Keith: Yes. As I look back and think about this... deaf LGBTQ within this group of athletes, coaches, and sport leaders, have known each other and looked out for each other. Some friends or teammates are supportive and accepting of who they are, some supported by coaches; and sport leaders. Over the years, I’ve noticed more athletes and coaches are coming out and being open publicly and I thought to myself, why not step in and do this interview and embrace my running history and now embracing my identity. I find that it is strange for me to discuss my history as a female with a male appearance now but that is who I am and that's what I embrace. I have reflected on how It is really important for our deaf community in sports (athletes, fans, coaches, leaders) to learn from our experiences and struggles; past, current and future from these LGBTQ coaches, athletes, and sport leaders. Really, all we need is your support, understanding, acceptance, safety and especially, respect for these athletes. It’s really important to respect these athletes regardless of your personal opinion. I want to speak up for those deaf transgender athletes. Please call them by their current name. Don’t ask them about their previous names. It is their current identity. Just like I explained in the beginning of the interview, I am now Keith. For all those athletes, LGBTQ, I want to tell you to EMBRACE your hard work, dedication, practicing, competing, and most importantly, your identity with pride.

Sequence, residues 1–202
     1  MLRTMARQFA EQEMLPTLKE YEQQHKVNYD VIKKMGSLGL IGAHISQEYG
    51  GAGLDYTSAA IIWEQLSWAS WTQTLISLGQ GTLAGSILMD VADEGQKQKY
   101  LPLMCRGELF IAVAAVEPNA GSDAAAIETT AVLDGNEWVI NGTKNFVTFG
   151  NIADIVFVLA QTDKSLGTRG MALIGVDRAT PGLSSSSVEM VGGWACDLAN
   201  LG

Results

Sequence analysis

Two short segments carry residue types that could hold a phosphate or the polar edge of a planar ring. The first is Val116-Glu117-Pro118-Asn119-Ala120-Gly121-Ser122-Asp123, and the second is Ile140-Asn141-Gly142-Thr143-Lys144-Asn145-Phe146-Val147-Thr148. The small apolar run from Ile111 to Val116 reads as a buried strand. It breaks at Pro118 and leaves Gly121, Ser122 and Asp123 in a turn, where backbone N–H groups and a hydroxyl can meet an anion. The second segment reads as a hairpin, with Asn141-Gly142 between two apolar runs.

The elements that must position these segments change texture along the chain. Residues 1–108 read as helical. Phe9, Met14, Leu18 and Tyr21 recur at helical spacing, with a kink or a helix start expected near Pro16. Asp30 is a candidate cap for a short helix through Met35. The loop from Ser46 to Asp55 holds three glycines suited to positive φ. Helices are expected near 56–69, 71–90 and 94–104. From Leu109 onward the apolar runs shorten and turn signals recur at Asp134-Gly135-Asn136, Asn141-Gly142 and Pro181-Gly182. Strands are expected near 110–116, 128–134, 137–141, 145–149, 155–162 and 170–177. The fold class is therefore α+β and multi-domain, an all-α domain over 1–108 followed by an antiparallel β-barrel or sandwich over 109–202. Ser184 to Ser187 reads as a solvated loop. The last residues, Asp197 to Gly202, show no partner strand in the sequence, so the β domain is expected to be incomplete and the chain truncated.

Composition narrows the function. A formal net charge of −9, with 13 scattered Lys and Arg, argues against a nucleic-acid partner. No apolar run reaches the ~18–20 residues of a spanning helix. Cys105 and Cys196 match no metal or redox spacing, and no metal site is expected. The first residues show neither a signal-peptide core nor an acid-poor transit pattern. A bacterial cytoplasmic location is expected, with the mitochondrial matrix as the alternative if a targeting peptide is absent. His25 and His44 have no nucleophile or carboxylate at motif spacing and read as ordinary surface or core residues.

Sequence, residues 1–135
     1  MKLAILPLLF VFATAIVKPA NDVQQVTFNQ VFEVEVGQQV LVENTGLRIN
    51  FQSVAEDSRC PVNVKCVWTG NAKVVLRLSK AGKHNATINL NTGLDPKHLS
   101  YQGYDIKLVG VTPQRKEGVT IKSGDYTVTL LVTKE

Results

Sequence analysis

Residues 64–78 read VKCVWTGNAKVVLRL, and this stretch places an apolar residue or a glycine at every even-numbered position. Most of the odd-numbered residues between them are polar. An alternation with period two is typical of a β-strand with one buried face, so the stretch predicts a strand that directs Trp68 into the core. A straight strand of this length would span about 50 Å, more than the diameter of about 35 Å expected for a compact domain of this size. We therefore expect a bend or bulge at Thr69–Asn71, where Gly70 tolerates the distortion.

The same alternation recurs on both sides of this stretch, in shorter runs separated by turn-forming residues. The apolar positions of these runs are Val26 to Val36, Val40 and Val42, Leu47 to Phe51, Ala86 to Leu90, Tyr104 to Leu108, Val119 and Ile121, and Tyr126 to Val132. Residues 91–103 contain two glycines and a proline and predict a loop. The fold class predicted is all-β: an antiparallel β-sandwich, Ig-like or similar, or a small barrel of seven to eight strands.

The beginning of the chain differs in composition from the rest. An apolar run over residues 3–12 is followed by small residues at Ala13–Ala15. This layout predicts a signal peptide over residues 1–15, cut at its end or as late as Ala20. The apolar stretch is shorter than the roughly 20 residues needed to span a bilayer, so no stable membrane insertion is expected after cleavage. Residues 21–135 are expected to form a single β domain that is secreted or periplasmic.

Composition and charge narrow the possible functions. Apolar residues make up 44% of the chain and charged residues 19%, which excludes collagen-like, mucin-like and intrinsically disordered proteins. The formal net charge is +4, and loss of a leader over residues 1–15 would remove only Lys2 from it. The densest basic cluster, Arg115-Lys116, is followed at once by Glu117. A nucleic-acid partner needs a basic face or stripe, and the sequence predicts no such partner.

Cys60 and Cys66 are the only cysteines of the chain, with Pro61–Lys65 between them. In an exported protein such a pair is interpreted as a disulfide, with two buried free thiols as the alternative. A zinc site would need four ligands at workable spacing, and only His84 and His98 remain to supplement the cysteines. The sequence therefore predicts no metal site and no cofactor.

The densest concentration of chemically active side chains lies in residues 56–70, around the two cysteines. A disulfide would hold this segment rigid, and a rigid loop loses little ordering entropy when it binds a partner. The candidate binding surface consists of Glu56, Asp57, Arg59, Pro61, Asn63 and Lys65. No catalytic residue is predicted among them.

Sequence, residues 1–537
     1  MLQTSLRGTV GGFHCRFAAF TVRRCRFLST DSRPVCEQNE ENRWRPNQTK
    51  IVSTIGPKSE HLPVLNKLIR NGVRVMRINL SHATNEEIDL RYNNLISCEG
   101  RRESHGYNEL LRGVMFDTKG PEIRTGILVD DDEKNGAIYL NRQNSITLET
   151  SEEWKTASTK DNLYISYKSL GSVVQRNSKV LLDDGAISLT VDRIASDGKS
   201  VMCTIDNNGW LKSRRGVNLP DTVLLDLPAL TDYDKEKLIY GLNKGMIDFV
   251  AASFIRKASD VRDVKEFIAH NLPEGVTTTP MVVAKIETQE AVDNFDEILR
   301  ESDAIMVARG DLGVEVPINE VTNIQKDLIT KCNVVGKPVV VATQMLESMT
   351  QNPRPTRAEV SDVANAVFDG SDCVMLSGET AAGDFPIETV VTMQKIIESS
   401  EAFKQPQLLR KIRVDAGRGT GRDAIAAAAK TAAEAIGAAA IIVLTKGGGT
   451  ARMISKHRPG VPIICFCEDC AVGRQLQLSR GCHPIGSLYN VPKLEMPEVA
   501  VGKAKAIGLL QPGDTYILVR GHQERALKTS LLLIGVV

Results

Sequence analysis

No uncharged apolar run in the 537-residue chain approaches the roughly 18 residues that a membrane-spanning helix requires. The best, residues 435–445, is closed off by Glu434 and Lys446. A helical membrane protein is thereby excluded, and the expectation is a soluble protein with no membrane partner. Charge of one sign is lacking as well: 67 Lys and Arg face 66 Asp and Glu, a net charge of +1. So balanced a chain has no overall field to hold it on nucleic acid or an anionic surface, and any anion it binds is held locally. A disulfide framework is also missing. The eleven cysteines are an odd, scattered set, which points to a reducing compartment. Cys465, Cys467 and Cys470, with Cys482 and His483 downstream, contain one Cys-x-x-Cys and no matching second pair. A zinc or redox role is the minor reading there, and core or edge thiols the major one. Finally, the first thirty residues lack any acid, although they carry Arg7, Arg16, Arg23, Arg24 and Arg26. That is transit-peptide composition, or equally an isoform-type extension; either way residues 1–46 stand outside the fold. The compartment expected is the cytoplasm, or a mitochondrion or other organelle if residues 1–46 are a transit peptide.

Noah: Wow. Beautiful. Thank you. I learned a lot from you. I really enjoy being a student of yours at Gallaudet, I enjoyed the last 4 years under you and I look forward to the future with you. It is always a learning journey for everybody including yours as an athlete and a transgender person. I’ve always called you Keith and your previous name stayed in the past. I want to thank you for sharing your inspiring words with all of us, especially for our transgender athletes who are going through a similar journey.
Just a beautiful interview. I got inspiring chills from this interview. Thank you Keith for sharing your raw feelings and stories. Until then. So long.